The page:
Jane’s Fighting Ships 2011-2012 reported that a third Luyang II-class ship, built to a modified design, was launched (i.e., put into the water for the final phase of its construction) on 28 November 2010, and was expected to enter service in 2012, and that three further ships are expected. In April 2012 informationdissemination reported that this ship had joined the PLAN’s East Sea Fleet, and that two further ships in the class were under construction. In July 2012 informationdissemination reported that the first Type 052D appeared to have entered service, while the second ship might have entered sea trials and the third had been launched. At that time, three additional destroyers of either the same design or a new design appear to be under construction.
A pair of hulls were seen at China State Shipbuilding Corp’s Jiangnan Changxing shipyard near Shanghai in early August 2012, with the first “dock launch” occurring in late August. Some analysts believed that as many as 10 Type 052D DDGs might be under construction, a major departure from past practice. The previous three flights of the Type 052 have consisted of just a pair of ships each, Chinese shipbuilders building just two hulls for testing, prior to moving on to the next design. The last destroyer series production was the Type 051 Luda, with 17 being built from 1872 through 1991. In this case, Chinese engineers may developed sufficient confidence in the subsystems on the new ship to begin accelerated production. Defense analysts believe the Type 052D could enter service in 2014.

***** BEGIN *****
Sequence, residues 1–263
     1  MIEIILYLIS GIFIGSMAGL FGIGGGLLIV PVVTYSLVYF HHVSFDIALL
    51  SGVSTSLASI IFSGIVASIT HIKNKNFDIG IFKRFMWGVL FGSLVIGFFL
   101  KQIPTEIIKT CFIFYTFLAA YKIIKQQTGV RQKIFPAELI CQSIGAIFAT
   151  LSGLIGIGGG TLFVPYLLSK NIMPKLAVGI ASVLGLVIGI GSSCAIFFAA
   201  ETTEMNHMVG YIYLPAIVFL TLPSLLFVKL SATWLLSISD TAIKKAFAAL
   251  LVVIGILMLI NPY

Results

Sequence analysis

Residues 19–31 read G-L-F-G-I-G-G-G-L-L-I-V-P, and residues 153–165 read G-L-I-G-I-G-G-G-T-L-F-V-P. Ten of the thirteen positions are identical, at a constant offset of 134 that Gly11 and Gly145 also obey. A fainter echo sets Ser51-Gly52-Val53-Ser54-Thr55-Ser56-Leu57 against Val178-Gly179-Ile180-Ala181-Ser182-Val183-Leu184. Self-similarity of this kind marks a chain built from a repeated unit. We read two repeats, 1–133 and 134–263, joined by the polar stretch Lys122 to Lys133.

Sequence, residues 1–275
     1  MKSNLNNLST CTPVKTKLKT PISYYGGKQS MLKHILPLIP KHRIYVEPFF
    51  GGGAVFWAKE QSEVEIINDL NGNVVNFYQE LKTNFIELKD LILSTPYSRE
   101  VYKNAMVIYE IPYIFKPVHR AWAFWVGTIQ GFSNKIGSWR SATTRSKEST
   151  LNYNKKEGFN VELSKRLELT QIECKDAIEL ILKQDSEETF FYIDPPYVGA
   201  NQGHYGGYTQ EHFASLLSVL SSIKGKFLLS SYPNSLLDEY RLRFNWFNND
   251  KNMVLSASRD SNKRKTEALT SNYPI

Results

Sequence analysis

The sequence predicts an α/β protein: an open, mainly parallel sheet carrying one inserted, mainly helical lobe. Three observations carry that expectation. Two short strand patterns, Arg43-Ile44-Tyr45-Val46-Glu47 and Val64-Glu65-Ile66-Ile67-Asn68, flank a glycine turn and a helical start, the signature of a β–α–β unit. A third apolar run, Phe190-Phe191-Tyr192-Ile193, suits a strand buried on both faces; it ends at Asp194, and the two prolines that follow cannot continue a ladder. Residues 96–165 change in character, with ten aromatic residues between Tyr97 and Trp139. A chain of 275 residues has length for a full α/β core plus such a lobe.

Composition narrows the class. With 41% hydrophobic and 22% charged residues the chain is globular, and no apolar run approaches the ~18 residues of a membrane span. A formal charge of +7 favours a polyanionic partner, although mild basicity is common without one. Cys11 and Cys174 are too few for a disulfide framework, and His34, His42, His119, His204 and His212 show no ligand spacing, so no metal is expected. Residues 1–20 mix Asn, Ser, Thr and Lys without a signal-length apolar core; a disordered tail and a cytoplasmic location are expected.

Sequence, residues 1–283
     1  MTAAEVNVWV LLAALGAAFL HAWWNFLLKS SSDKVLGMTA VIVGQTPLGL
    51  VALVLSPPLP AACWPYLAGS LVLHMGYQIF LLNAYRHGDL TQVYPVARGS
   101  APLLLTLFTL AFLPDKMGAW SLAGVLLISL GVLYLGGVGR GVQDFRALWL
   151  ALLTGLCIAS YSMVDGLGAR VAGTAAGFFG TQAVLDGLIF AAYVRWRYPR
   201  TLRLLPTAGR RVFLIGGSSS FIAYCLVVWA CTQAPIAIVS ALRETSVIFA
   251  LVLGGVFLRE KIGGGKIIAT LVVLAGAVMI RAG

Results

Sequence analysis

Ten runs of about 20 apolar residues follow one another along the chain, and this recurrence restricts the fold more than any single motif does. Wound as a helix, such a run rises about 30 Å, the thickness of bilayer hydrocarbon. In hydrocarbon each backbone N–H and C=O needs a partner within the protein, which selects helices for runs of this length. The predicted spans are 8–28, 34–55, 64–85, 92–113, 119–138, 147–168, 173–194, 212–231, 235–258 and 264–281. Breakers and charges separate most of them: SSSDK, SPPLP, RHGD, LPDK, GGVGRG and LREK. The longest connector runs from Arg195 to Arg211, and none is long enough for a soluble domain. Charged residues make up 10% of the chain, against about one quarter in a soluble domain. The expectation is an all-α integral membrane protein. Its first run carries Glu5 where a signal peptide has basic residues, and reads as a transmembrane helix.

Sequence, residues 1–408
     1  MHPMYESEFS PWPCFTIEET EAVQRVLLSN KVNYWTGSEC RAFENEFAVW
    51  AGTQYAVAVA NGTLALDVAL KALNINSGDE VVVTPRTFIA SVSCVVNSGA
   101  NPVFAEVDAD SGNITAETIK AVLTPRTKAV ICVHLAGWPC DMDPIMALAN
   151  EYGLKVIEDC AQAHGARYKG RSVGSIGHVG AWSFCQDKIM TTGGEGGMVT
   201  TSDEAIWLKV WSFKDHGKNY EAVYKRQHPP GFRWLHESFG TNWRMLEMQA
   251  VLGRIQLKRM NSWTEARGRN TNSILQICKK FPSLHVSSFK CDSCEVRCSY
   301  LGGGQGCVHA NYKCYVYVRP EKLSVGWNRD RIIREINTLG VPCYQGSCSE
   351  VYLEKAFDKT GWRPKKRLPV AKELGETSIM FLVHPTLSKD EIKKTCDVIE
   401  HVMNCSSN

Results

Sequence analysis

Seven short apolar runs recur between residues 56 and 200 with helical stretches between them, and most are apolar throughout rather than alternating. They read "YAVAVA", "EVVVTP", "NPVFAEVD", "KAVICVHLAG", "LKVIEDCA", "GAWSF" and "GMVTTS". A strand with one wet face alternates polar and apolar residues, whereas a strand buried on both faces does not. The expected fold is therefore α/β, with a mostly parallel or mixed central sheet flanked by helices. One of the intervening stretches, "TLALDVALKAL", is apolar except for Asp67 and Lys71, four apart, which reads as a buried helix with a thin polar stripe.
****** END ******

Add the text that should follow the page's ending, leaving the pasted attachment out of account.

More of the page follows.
In 2009 the US Office of Naval Intelligence projected no change in the total number of destroyers in service with the PLAN over the period 2009 to 2020. Given the expected service life for the Type 051 Luda DDG, a total of about 10 Type 052D DDG would be required by 2020 to support the ONI projected destoyer force level.
|Join the GlobalSecurity.org mailing list|